Photo of Mr Douglas Clifton Brown Mr Douglas Clifton Brown , Hexham

I have listened to the hon. Member for some time putting the general case, and I think it is about time he came to the regulations themselves. I have no objection to his putting the general case, but I think he should not overdo it, and that he should now deal with the regulations.

Photo of Mr William Gallacher Mr William Gallacher , Fife Western

I think it is necessary I should make the point clear. I want to come to rent and insurance, but I am anxious to make it clear that even supposing full payment was made for rent and insurance and for instalments, the lad when he comes back would still find himself faced with a whole series of obligations which would take him a long while completely to clear away. Take the question of rent. We are told that the regulations lay it down that they can be absolved from paying rent for the period in which they are in service, and that if it is a particularly hard case a grant can be made. How is it possible for hon. Members opposite to say that they are only thinking about the militiaman when the maximum amount, including allowances, is only 2? That is not going to help very much, if there is rent and insurance and instalments to meet. I am sure that as far as concerns the general mass of these lads the rents will accumulate and the instalments will accumulate, and when they come back they will sooner or later be faced with a heavy accumulation of debt which will have to be paid somehow or another.

The hon. Member for North Southwark (Mr. Isaacs) has already referred to the action which his trade union has taken. That is a very good and desirable action. There may, however, be some trade unions whose rules do not allow them to take such action. The Minister said that where they are faced with a situation in which health benefits and other benefits are associated with the trade union, the union should change its rules. I am certain there is not a union in the country that would not be ready to take action similar to that referred to by my hon. Friend, but it may take time, for some of the unions can change their rules only in certain circumstances, and if the rules are not changed it may not be possible for those unions to take that action and absolve their members from making payments. In such cases, the Government should have taken the responsibility of seeing that every union in the country has the opportunity of being indemnified for any action that it may have to take. It is not enough to refer simply to industrial insurance and to say nothing about friendly societies or trade unions, and the position in which those societies and unions may find themselves. Surely, if we had had the sort of discussion that is necessary on a matter of this kind, those who have experience in the working of friendly societies and trade unions could have provided the necessary information as to how to frame regulations to fit the case.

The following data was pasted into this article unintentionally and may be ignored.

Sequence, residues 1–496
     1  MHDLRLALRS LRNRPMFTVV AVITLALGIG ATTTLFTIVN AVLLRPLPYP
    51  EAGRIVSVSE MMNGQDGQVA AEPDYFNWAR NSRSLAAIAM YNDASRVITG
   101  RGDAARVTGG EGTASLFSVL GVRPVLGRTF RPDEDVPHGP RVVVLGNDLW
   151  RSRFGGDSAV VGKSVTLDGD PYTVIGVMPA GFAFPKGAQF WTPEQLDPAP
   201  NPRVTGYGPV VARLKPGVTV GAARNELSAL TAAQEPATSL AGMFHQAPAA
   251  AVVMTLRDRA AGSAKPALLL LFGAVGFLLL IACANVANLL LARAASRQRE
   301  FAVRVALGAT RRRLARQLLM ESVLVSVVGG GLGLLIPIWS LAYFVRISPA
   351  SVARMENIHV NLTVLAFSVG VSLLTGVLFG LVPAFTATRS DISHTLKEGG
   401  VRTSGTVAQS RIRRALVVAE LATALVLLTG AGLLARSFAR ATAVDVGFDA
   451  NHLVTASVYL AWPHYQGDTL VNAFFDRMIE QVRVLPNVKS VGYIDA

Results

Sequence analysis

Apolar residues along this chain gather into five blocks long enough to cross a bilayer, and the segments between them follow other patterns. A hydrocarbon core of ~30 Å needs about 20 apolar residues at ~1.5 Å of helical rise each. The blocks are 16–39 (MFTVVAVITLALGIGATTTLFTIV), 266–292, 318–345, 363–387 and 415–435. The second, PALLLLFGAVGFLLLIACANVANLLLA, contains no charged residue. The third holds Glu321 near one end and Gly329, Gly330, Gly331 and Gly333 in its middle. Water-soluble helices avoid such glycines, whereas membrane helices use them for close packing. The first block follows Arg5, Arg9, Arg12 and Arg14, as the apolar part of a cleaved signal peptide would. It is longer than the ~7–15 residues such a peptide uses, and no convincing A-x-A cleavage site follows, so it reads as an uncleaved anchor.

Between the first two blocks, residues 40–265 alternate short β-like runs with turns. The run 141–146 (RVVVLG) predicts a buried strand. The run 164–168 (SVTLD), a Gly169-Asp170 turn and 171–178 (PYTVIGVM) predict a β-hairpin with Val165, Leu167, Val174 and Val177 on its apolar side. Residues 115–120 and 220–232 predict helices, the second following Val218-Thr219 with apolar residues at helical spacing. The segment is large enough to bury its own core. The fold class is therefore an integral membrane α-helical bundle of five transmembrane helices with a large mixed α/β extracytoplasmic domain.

I am very deeply concerned about the position in which thousands of these young men and their families will be, even while the men are away. I know very many who will be in the position of not knowing whether to refrain from paying rent and to accumulate debt, or whether to pay rent and risk all the possibilities of going short of food and suffering from malnutrition. An Order of this kind, which simply deals with the question of rent and other liabilities in this offhand manner, is not of the slightest value to any militiamen or dependants. Therefore, if the Government are not: prepared to take the course that ought to be taken, that is, to pay full wages with an allowance for working away from home— and they are not prepared to take that course — then the sort of Orders that are wanted are Orders that would make the Government responsible for meeting the rents and the instalments of those who are called up for service. When the question of a Select Committee was raised this afternoon, the Prime Minister told us that there were objections to the Orders not only from the side of the militiamen, but from the side of the insurance companies, and so on. The hon. Member for East Aberdeen (Mr. Boothby) put the case,, quite obviously, from the point of view of the insurance companies and the almost impossible position in which they will be placed as a consequence of the Orders. If the insurance companies, with all the finance behind them, will be put in a serious financial position as a result of these Orders in so far as they deal with insurance, I ask hon. Members what will be the position of the militiamen who have no capital, but who, according to the Orders, are going to face an accumulation of rent and instalments, who are to be taken away for six months from their ordinary surroundings and connections, and who will then come back to face all these liabilities?